Video_2_Personalized Cardiac Computational Models: From Clinical Data to Simulation of Infarct-Related Ventricular Tachycardia.MP4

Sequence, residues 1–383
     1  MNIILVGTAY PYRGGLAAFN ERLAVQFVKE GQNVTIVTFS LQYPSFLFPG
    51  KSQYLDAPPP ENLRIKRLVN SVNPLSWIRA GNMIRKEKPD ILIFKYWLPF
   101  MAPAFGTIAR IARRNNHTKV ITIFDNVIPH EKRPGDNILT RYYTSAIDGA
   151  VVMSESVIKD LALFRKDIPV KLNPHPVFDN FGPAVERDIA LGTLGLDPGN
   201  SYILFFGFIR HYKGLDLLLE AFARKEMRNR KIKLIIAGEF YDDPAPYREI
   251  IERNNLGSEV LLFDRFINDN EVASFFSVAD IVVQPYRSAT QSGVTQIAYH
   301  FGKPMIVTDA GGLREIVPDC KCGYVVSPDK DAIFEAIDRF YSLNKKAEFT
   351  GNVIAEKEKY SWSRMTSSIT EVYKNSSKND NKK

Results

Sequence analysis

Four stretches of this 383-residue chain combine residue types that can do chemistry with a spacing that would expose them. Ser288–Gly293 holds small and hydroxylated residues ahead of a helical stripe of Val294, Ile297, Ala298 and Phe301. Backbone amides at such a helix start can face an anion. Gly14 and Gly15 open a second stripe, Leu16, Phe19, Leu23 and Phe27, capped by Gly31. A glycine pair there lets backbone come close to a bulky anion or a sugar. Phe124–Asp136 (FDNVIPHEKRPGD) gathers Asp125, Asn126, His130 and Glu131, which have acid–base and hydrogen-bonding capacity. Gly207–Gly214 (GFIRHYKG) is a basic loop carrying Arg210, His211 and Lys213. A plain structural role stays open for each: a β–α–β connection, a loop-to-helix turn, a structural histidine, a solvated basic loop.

In the chronic stage of myocardial infarction, a significant number of patients develop life-threatening ventricular tachycardias (VT) due to the arrhythmogenic nature of the remodeled myocardium. Radiofrequency ablation (RFA) is a common procedure to isolate reentry pathways across the infarct scar that are responsible for VT. Unfortunately, this strategy show relatively low success rates; up to 50% of patients experience recurrent VT after the procedure. In the last decade, intensive research in the field of computational cardiac electrophysiology (EP) has demonstrated the ability of three-dimensional (3D) cardiac computational models to perform in-silico EP studies. However, the personalization and modeling of certain key components remain challenging, particularly in the case of the infarct border zone (BZ). In this study, we used a clinical dataset from a patient with a history of infarct-related VT to build an image-based 3D ventricular model aimed at computational simulation of cardiac EP, including detailed patient-specific cardiac anatomy and infarct scar geometry. We modeled the BZ in eight different ways by combining the presence or absence of electrical remodeling with four different levels of image-based patchy fibrosis (0, 10, 20, and 30%). A 3D torso model was also constructed to compute the ECG. Patient-specific sinus activation patterns were simulated and validated against the patient's ECG. Subsequently, the pacing protocol used to induce reentrant VTs in the EP laboratory was reproduced in-silico. The clinical VT was induced with different versions of the model and from different pacing points, thus identifying the slow conducting channel responsible for such VT. Finally, the real patient's ECG recorded during VT episodes was used to validate our simulation results and to assess different strategies to model the BZ. Our study showed that reduced conduction velocities and heterogeneity in action potential duration in the BZ are the main factors in promoting reentrant activity. Either electrical remodeling or fibrosis in a degree of at least 30% in the BZ were required to initiate VT. Moreover, this proof-of-concept study confirms the feasibility of developing 3D computational models for cardiac EP able to reproduce cardiac activation in sinus rhythm and during VT, using exclusively non-invasive clinical data.